Monday, August 2, 2010

The Chiang Kai-shek Memorial

The map I have has the Chiang Kai-shek Memorial listed as the Chiang Kai-shek Memorial Hall, which makes it sound like a university lecture hall.

"I have Organic 'til 12:30 in Chiang Kai-shek. Wanna meet at the student center for lunch after? It's chicken parm day."

Aside: if it was chicken parm day, Liang and I would totally be there.

Chiang was one of the leaders of the Nationalist Party in mainland China. After the Nationalists were defeated by the Communists, they fled the mainland for Taiwan. Where, as Wikipedia so gracefully puts it, "Chiang ruled the island with an iron fist as the President of the Republic of China [nation-state to which Taiwan belongs] and Director-General of the Kuomintang [Chinese Nationalist Party] until his death in 1975."

The Memorial is actually an enormous complex. This is essentially the welcome gate.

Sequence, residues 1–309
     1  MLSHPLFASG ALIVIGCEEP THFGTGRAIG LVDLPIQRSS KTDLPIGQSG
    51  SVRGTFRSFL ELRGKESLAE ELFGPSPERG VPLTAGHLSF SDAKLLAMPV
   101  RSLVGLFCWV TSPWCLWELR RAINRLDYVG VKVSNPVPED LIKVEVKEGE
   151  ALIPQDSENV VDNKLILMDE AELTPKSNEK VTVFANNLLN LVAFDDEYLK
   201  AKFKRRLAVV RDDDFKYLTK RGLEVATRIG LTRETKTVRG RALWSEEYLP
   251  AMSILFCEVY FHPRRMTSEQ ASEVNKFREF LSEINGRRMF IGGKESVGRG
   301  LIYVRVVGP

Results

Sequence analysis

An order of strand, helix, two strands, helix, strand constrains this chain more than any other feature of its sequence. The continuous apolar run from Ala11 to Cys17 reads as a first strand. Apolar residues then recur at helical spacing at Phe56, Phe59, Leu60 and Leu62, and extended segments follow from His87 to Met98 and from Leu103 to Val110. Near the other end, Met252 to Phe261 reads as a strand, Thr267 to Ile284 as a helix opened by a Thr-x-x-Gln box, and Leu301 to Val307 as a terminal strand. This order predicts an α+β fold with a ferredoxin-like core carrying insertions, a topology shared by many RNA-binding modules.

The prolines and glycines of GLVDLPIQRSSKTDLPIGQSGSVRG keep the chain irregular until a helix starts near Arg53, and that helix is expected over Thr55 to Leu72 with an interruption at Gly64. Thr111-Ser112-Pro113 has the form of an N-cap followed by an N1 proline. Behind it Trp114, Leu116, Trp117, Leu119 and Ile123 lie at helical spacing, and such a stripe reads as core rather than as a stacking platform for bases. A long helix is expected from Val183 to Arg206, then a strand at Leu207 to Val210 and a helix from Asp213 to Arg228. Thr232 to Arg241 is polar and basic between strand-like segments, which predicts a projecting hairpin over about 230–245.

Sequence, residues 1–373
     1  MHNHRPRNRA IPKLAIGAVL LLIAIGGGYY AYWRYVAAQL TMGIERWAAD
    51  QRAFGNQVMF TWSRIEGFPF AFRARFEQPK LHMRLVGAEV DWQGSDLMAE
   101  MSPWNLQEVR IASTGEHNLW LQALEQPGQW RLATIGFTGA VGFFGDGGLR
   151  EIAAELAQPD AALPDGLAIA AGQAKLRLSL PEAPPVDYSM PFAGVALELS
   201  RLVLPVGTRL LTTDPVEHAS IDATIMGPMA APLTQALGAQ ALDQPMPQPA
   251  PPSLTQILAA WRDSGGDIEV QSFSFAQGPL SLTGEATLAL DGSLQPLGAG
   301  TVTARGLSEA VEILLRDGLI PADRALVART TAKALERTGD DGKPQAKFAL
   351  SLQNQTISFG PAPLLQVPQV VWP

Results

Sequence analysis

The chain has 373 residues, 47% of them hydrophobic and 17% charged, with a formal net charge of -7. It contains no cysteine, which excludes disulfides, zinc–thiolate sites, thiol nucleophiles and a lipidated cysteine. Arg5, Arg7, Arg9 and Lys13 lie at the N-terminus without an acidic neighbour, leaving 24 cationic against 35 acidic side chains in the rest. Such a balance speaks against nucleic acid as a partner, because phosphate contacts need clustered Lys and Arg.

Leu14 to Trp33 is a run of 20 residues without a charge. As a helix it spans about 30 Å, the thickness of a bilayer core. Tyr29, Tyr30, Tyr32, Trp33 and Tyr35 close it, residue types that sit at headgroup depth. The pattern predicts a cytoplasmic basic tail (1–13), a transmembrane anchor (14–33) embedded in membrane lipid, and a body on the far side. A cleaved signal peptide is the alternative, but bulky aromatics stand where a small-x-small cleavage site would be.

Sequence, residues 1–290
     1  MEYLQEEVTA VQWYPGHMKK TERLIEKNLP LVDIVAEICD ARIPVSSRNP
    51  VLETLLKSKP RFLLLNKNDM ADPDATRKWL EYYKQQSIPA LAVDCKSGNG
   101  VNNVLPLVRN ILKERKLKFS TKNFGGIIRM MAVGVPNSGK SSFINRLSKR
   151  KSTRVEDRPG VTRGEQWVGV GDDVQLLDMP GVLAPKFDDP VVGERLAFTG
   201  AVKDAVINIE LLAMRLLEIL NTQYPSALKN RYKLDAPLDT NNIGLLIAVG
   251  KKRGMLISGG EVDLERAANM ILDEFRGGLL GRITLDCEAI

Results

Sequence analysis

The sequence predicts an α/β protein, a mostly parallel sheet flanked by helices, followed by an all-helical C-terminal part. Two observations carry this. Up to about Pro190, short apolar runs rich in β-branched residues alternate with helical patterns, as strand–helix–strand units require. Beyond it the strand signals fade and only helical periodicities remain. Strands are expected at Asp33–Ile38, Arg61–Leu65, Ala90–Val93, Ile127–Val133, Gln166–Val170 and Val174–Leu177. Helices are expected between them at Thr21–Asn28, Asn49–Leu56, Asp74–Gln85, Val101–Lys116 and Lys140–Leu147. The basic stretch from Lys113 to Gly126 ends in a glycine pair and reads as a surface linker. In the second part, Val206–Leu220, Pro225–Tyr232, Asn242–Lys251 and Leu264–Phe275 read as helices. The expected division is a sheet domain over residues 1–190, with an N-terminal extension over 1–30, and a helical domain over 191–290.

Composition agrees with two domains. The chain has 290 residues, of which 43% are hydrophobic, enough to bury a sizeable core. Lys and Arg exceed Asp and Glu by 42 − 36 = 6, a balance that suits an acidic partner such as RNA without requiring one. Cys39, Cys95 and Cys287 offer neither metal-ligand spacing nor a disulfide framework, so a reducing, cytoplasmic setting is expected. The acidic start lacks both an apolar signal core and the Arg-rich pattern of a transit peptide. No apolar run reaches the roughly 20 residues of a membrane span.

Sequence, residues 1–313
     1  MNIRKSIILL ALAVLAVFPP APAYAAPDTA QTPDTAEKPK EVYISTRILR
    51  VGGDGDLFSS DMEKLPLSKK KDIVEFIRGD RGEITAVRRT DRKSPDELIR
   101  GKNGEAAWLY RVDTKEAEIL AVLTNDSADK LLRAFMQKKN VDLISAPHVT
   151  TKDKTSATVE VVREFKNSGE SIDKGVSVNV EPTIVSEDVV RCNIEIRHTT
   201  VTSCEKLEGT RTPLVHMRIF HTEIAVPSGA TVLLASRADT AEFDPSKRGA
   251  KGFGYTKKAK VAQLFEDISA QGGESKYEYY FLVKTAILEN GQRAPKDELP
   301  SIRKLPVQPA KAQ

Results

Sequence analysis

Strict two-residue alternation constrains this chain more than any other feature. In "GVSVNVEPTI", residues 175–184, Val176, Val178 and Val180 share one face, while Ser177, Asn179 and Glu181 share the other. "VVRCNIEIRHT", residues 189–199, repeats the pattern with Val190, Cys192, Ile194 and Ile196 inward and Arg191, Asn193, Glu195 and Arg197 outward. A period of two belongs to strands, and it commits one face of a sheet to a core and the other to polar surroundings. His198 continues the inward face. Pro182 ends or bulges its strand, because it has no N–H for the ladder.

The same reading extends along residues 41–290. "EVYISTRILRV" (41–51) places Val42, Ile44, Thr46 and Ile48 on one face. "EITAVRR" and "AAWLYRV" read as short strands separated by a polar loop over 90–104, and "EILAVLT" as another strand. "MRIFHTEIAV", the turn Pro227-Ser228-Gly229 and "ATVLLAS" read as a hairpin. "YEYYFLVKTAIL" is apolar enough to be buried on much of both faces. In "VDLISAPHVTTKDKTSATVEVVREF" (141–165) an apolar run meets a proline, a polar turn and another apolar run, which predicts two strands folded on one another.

A theatre and a symphony hall on either side of the enormous courtyard running from the gate to the actual memorial.

Halfway along, we pause for a photo. I tell Liang at least three times that what Taiwan needs is more reflecting pools.

In case you can't read the text: No entry for those wearing slippers or slovenly dress.

And inside is a massive statue of Chiang Kai-shek, a 'la Ol'Abe back in Washington.

Though, as you may suppose from the wikipedia statement, Chiang's legacy is contentious, whereas who hates Abraham Lincoln (Vampire Hunter)?


Mum said...

I can imagine your surprise when you arrived at this memorial. It is certainly bigger than a lecture hall. It looks like a beautiful complex.

DPLK said...

Crossing that plaza was like crossing a desert--it was so hot, the ground was radiating heat...thank goodness there was some semblance of a breeze. It was very impressive, though.

The memorial itself is fairly controversial...the last administration (DPP, the opposition party to the Nationalist Party) changed the name of the memorial to make it less focused on Chiang (trying to get rid of Nationalist Party references all over Taiwan, including the airport). The name/plaque has been restored now; there's a whole Wiki article about it!